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Osteoporosis to Prevent Fractures, Screening, 2018

* Indicates an old grade definition


Recommendations: Screening for Osteoporosis to Prevent Fractures

  • Osteoporosis to Prevent Fractures:Screening -- Women 65 and Older
    Grade: B
    Specific Recommendations:

      The USPSTF recommends screening for osteoporosis with bone measurement testing to prevent osteoporotic fractures in women 65 years and older.


  • Osteoporosis to Prevent Fractures: Screening -- Postmenopausal women younger than 65 years at increased risk of osteoporosis
    Grade: B
    Specific Recommendations:

      The USPSTF recommends screening for osteoporosis with bone measurement testing to prevent osteoporotic fractures in postmenopausal women younger than 65 years who are at increased risk of osteoporosis, as determined by a formal clinical risk assessment tool.

       

      See the Clinical Considerations section for information on risk assessment.


  • Osteoporosis to Prevent Fractures: Screening --Men
    Grade: I
    Specific Recommendations:

      The USPSTF concludes that the current evidence is insufficient to assess the balance of benefits and harms of screening for osteoporosis to prevent osteoporotic fractures in men.

       

      See the Clinical Considerations section for suggestions for practice regarding the I statement.


  • Rationale:

    Importance

    By 2020, approximately 12.3 million individuals in the United States older than 50 years are expected to have osteoporosis.1 Osteoporotic fractures, particularly hip fractures, are associated with limitation of ambulation, chronic pain and disability, loss of independence, and decreased quality of life, and 21% to 30% of patients who experience a hip fracture die within 1 year.2 Seventy-one percent of osteoporotic fractures occur among women,3 and women have higher rates of osteoporosis than men at any given age; however, men have a higher fracture-related mortality rate than women.24 The prevalence of primary osteoporosis (ie, osteoporosis without underlying disease) increases with age and differs by race/ethnicity. With the aging of the US population, the potential preventable burden is likely to increase in future years.1

    Detection

    The USPSTF found convincing evidence that bone measurement tests are accurate for predicting osteoporotic fractures in women and men. The most commonly used test is central dual-energy x-ray absorptiometry (DXA) of the hip and lumbar spine. Although several bone measurement tests similarly predict risk of fracture, DXA provides measurement of bone mineral density (BMD), and most treatment guidelines use central DXA to define osteoporosis and the threshold at which to start drug therapies to prevent osteoporotic fractures. The USPSTF found adequate evidence that clinical risk assessment tools are moderately accurate in identifying risk of osteoporosis and osteoporotic fractures.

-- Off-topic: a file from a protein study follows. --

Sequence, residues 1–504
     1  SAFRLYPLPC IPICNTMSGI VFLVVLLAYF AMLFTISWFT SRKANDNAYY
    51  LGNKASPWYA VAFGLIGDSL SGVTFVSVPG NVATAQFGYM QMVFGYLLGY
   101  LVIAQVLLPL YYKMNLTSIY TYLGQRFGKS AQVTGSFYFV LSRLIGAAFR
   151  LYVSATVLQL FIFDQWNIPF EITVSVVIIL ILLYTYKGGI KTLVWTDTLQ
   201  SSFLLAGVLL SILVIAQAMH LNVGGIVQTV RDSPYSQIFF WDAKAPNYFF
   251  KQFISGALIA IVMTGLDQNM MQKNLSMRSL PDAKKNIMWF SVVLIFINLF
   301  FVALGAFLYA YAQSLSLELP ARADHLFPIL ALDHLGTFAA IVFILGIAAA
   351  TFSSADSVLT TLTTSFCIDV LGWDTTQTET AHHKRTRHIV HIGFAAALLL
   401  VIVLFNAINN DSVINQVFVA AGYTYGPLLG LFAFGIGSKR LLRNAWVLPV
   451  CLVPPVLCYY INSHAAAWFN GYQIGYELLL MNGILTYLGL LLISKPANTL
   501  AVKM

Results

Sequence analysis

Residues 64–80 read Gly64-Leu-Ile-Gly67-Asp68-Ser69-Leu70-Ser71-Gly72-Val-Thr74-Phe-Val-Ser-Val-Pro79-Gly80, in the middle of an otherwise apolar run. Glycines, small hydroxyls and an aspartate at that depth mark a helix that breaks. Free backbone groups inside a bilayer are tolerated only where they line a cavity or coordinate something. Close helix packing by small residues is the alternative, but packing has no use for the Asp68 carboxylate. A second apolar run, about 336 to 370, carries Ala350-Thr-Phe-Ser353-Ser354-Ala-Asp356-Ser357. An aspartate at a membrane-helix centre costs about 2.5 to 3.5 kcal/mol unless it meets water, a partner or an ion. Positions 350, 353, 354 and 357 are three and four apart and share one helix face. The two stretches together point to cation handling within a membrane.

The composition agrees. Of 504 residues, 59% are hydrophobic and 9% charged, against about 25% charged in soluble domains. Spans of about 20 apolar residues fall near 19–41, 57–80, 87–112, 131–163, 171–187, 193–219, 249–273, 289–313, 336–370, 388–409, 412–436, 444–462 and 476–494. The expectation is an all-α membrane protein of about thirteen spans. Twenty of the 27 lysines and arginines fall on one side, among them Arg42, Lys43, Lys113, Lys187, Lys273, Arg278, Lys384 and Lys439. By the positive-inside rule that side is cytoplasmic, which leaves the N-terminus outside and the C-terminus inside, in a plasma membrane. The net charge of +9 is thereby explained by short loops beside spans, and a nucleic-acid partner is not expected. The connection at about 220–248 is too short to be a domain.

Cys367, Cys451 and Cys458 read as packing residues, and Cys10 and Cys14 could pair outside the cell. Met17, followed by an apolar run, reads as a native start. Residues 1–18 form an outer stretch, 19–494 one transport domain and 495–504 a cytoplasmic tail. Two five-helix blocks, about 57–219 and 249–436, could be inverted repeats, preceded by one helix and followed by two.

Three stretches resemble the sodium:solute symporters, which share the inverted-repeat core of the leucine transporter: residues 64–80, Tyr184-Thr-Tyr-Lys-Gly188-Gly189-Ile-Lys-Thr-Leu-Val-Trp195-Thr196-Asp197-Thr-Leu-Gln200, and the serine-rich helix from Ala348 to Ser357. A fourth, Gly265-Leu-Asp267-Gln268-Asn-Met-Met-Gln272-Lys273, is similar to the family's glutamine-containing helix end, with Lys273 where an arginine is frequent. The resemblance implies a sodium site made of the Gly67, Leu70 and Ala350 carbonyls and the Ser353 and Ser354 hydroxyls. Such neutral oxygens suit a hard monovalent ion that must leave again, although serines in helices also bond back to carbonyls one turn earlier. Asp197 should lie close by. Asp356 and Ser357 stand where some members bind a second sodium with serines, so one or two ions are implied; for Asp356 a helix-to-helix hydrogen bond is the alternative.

Benefits of Early Detection and Treatment

    The USPSTF found 1 study that evaluated the effect of screening for osteoporosis on fracture rates; the study reported a reduction in hip fractures but did not find a reduction in other types of fractures.4-6

    Multiple studies show that drug therapies reduce fractures in postmenopausal women with osteoporosis. For women 65 years and older, the USPSTF found convincing evidence that screening can detect osteoporosis and that treatment of women with osteoporosis can provide at least a moderate benefit in preventing fractures. For postmenopausal women younger than 65 years who are at increased risk of osteoporosis, the USPSTF found adequate evidence that screening can detect osteoporosis and that treatment provides a moderate benefit in preventing fractures.

    For men, the USPSTF found inadequate evidence on the benefits and harms of treating screen-detected osteoporosis to reduce the risk of osteoporotic fractures.

    Harms of Early Detection and Treatment

    The USPSTF found a single study that described harms of screening for osteoporosis. It reported no increase in anxiety and no decrease in quality of life from screening.4-6 Based on the nature of screening with bone measurement tests and the low likelihood of serious harms, the USPSTF found adequate evidence to bound these harms as no greater than small. Harms associated with screening may include radiation exposure from DXA and opportunity costs (time and effort required by patients and the health care system).

    Harms of drug therapies for osteoporosis depend on the specific medication used. The USPSTF found that the risk of serious adverse events, upper gastrointestinal events, or cardiovascular events associated with the most common class of osteoporosis medication (bisphosphonates) is no greater than small. Overall, the USPSTF found adequate evidence that the harms of osteoporosis medications are small.

    USPSTF Assessment

    The USPSTF concludes with moderate certainty that the net benefit of screening for osteoporosis in women 65 years and older is at least moderate.

    The USPSTF concludes with moderate certainty that the net benefit of screening for osteoporosis in postmenopausal women younger than 65 years who are at increased risk of osteoporosis is at least moderate.

    The USPSTF concludes that the current evidence is insufficient to assess the balance of benefits and harms of screening for osteoporosis in men.

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